Feb. 21 (Bloomberg) -- General Motors Co. (GM) may see a 10 percent sales jump in China this year, matching its top-range forecast for industrywide growth in the nation, where consumers are buying more cars and the company plans 19 new or refreshed vehicles.
GM, the second-largest foreign automaker in China, on that basis could see auto sales increase to about 3.5 million this year from 3.16 million in 2013. The Detroit-based company is forecasting an industry sales jump of 8 percent to 10 percent in the country.
“Industry growth at 10 percent is probably an upside at this stage but we’re certainly working hard to keep up with that pace of growth or maybe go slightly ahead of that,” Matt Tsien, 53, president of GM’s China operations, said in a telephone interview this week. “We’ve got some exciting launches going on this year.”
GM and its joint-venture partners this year are planning to introduce 19 new or refreshed vehicles in China, its largest market by volume, as the automaker looks to use gains from the country and North America to offset restructuring costs in Europe and elsewhere overseas.
Total industrywide vehicle sales in China rose 14 percent to 21.98 million last year and may rise to more than 24 million this year, the state-backed China Association of Automobile Manufacturers said in January. GM’s China sales volume in 2013 represented an 11 percent increase from a year earlier.
GM, which had been the top-selling foreign automaker in China for eight consecutive years, lost its lead last year to Germany’s Volkswagen AG, which increased sales in the region by 16 percent to 3.27 million. That pushed it past GM globally to the No. 2 spot behind Japan’s Toyota Motor Corp.
“Our ambition is really to do the best job we can satisfying customers and making sure they’re happy with our products and they come back for more,” Tsien said. “Being No. 1 is always great.”
Tsien, who had been a vice president overseeing product planning in China, took control of GM China on Jan. 1 as the automaker prepared to undergo a broader leadership change. Mary Barra, who became chief executive officer in January, has said she will accelerate strategies formed under her predecessor Dan Akerson, including a push to build up Cadillac and expand in China. Tsien replaced Bob Socia, who retired.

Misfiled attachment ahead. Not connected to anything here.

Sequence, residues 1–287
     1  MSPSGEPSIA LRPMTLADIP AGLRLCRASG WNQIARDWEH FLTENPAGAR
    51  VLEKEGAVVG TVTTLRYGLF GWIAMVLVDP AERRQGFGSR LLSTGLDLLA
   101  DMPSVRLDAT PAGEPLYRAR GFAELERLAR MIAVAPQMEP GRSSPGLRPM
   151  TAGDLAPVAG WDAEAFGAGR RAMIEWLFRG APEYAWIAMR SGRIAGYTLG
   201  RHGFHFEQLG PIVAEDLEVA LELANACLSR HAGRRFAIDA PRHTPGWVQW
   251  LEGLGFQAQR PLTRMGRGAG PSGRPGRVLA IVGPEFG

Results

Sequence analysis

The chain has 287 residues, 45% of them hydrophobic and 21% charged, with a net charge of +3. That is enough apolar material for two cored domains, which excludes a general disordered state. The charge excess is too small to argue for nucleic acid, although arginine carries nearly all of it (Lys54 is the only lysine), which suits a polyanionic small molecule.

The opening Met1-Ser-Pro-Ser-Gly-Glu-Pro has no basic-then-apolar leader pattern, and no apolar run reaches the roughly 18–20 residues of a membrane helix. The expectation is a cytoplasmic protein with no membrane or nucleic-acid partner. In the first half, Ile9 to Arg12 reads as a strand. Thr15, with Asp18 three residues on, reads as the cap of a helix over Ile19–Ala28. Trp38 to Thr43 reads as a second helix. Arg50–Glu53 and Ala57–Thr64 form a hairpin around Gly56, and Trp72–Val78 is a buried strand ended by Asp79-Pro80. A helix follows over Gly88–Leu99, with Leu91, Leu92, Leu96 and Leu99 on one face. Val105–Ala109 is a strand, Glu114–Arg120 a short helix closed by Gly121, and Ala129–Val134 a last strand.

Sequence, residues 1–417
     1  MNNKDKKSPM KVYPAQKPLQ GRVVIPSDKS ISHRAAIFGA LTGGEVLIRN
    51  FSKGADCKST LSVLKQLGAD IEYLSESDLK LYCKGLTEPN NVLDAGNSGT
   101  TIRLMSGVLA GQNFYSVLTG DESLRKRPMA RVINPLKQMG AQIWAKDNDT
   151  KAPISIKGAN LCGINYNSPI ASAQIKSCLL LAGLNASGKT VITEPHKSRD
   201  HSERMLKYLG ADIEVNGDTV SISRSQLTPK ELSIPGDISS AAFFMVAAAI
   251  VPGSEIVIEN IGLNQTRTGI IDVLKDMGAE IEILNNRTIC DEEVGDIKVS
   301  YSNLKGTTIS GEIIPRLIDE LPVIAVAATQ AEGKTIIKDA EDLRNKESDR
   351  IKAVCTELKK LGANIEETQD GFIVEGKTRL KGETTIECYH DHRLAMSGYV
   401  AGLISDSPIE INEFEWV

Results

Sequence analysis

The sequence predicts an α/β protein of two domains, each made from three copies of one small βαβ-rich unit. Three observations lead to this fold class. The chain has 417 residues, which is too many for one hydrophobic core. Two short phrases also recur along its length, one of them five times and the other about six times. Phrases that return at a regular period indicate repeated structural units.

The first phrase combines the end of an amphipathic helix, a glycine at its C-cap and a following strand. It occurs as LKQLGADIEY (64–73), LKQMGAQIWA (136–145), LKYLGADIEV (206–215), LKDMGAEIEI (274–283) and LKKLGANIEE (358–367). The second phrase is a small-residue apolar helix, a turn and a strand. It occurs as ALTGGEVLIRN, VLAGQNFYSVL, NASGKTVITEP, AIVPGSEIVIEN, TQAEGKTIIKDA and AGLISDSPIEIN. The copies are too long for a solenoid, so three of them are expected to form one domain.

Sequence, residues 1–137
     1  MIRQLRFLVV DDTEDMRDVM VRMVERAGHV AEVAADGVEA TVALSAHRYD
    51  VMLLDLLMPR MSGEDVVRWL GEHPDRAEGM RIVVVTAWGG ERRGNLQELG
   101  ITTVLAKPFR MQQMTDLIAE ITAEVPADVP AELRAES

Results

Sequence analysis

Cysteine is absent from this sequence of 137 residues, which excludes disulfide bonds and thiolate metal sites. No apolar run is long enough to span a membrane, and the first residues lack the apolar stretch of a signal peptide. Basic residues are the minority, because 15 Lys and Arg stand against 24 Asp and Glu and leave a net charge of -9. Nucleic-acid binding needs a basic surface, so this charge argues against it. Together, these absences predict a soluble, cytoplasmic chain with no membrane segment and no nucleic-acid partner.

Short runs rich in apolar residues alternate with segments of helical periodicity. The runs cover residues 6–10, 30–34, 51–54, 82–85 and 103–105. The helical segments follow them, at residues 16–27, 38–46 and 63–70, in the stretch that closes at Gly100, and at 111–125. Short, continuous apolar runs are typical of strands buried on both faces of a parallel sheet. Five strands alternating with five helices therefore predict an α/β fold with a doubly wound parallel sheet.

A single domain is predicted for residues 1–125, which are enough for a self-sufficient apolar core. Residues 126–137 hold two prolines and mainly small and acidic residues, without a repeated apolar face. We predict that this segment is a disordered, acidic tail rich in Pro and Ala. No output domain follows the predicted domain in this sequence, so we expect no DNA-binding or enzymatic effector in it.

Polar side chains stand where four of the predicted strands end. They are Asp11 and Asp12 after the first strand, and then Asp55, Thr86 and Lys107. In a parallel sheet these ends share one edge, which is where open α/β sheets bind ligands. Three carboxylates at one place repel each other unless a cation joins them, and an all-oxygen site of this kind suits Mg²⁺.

Barra visited China last week, meeting with the automaker’s partners, and reiterated the company’s commitment to the country. GM’s joint ventures are committed to investing $11 billion through 2016 in China on new plants, people and products, the company said in a statement about her trip.
“GM will further strengthen our investment in China,” she said. “This is crucial for ensuring we remain a global industry leader.”
The company’s shares rose 0.5 percent to $36.69 at the close in New York, leaving them down 10 percent this year.
GM in January had said it was introducing 17 new or refreshed vehicles in China. Since then, GM has said it omitted two vehicles in that count. Of the 19 new vehicles this year, six of them will be Chevrolets, including an updated Cruze compact car, Tsien said. Chevy sales in China failed to increase at the same level as the market, rising 8.5 percent to 652,077 last year. “We hope to accelerate that further,” he said. “We expect this year to be a pretty strong year for us.”
Tsien also reiterated GM’s plans to boost Cadillac sales in China to more than 100,000 by the end of next year from 50,000 last year. The luxury brand’s sales rose 67 percent in China in 2013. GM began selling the ATS compact luxury sedan in the Asian nation late in the year and expects sales may ultimately match or exceed deliveries of the SRX sport-utility vehicle. GM delivered 26,897 of that model last year.
“The ATS-size sort of vehicle is among the most popular here,” Tsien said. “Over time, I would say, it’s probably going to do the same or even better than the others.”
The new models, including SUVs, should help GM sell more vehicles, Tsien said.
“Some of the major launches are probably more biased to the second half of the year,” he said.
To contact the editor responsible for this story: Jamie Butters at email@example.com